Although Korea has developed clear and robust legislation, its policy documents can be interpreted differently by the various implementing ministries and agencies managing Korea’s ODA grants (Chapter 4). The mid-term strategy is closely followed by the Ministries of Foreign Affairs and Strategy and Finance, and their respective implementing agencies KOICA and KEXIM, while other agencies and ministries tend to refer more to the 2010 strategic plan. This was illustrated when a significant budget was approved under the previous administration for activities under the Korean Aid Programme3 which included showcasing Korean food and culture. While these activities are consistent with the 2010 strategic plan, they are inconsistent with the purpose of official development assistance set out in Korea’s legislation and the subsequent 2011-15 mid-term strategy and the programme has since been discontinued. Korea’s policy framework would thus be further strengthened by clarifying the status of its 2010 strategic plan and where this plan has been superseded by the 2015-2020 mid-term strategy.

Principles and guidance

Peer review indicator: Policy guidance sets out a clear and comprehensive approach, including to poverty and fragility

Since 2016, Korea has adopted the Sustainable Development Goals as the high level outcomes of its development co-operation, while carving out a clear (albeit wide ranging) thematic and geographic focus. In addition, Korea is paying ever more attention to the quality of its programmes and has increased its focus on countries most in need. While it has made significant progress in developing guidance on gender equality, disability, climate change and environmental sustainability, greater attention to these issues is not yet translating into increased funding. Stronger incentives are needed to encourage staff to use the guidance.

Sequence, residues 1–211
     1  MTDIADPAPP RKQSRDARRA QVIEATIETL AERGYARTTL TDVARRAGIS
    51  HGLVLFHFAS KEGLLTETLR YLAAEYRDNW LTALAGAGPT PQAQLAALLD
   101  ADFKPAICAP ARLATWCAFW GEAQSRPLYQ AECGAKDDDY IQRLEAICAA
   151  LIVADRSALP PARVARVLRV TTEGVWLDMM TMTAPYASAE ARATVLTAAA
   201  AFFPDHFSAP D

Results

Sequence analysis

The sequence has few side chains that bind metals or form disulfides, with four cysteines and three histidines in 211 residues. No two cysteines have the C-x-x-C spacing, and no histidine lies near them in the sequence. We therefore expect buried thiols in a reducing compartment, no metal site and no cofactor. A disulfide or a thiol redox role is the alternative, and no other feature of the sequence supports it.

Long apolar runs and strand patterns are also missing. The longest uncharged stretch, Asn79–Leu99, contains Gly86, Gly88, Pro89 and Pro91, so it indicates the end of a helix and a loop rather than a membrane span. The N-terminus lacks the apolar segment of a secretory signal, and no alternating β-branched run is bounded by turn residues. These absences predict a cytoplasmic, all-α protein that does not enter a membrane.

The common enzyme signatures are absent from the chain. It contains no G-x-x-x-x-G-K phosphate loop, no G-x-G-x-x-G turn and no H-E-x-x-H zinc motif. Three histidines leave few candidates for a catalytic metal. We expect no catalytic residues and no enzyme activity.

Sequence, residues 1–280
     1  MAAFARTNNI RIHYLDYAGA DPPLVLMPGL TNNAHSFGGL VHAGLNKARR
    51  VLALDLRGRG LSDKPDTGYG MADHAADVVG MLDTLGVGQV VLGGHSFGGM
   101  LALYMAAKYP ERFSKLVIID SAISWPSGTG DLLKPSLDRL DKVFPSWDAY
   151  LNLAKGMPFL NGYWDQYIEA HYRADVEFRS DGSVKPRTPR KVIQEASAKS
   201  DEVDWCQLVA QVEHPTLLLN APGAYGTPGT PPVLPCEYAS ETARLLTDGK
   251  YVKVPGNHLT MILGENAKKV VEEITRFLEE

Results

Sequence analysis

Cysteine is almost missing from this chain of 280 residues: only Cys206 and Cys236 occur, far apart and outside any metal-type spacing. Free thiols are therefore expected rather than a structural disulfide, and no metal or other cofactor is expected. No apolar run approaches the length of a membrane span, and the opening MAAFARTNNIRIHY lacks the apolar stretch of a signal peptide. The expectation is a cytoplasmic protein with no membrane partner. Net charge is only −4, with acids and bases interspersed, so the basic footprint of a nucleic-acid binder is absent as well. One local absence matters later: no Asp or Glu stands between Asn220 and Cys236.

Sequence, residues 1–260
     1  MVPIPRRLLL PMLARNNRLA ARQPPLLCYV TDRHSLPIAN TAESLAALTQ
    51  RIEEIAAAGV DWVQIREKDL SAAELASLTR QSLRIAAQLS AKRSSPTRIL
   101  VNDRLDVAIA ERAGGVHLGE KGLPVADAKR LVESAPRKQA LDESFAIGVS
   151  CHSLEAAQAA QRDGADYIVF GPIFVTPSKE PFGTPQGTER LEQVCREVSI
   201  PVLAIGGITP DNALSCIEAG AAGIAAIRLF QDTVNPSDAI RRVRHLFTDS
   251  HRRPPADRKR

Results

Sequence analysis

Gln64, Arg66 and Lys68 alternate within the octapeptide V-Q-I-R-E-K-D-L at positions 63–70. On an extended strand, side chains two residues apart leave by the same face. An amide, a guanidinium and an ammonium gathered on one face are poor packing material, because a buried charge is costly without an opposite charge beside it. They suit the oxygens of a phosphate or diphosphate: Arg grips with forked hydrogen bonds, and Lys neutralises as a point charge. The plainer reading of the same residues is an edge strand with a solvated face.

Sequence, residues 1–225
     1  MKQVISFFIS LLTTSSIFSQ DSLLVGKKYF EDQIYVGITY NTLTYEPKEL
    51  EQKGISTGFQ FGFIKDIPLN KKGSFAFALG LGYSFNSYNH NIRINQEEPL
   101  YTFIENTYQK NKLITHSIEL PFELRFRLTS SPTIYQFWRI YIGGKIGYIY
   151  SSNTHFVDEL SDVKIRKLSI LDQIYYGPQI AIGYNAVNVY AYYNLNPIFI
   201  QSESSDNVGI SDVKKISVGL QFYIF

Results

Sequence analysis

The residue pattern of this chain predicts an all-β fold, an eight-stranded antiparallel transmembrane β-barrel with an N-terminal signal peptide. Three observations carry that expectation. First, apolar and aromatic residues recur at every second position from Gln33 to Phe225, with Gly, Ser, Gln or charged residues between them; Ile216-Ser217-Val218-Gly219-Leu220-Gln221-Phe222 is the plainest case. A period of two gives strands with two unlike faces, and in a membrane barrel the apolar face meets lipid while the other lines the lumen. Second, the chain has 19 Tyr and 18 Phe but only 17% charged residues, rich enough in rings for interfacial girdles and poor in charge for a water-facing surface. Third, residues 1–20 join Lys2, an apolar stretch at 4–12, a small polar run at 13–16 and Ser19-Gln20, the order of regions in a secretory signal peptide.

Korea’s 2016-20 mid-term strategy identifies the 17 Sustainable Development Goals as the overarching outcomes for Korea’s development co-operation. Korea aims to work towards them by sharing its own development experience and by connecting individual projects with relevant goals, working in some of the world’s poorest countries in key sectors where it has relevant skills (GoK, 2015a).

Korea focuses its efforts on social sectors and economic infrastructure in countries most in need

Korea’s approach to development co-operation, discussed in detail in Chapter 5, is characterised by the emphasis it places on its partner countries’ requests, and an increasing focus on countries most in need. The high proportion of grants directed to least developed countries and Korea’s concentration on social sectors and economic infrastructure in these countries demonstrate a strong focus on poverty.4 However, as discussed in Chapter 5, when selecting and designing projects within these countries, Korea does not demonstrate a consistently strong poverty focus.

In line with the Busan partnership agreement on effective development (HLP, 2011), Korea has increased its attention to fragile states. The Ministry of Foreign Affairs leads the peace and security elements of Korea’s foreign engagement and KOICA’s recent mid-term framework for fragile states reflects a good understanding of the challenges and priorities in fragile contexts (KOICA, 2017b). As KOICA translates this framework into programming, there will be opportunities to link the ministry’s peace and security work with its development strategy in fragile states, particularly when it comes to choosing where to work and what programmes to support. Guidelines on fragile states developed by KEXIM’s Economic Development Cooperation Fund (ECDF) provide differentiated approaches for concessional loans to fragile states; any country eligible to receive ODA can apply for concessional loans so long as these loans do not undermine their financial sustainability or longer-term development prospects.5 Korea is stepping up its commitment of time and resources to international networks dedicated to developing policy for fragile states such as the international network on conflict and fragility (INCAF). These networks can offer lessons on what is working and not working, as well as increase Korea’s international visibility.

Guidance for cross-cutting issues is in place but is not yet fully applied

Over recent years, Korea has introduced a large body of operational guidance, which helps to clarify its approach to sustainable development, including to poverty, fragility, gender equality, disability and climate change.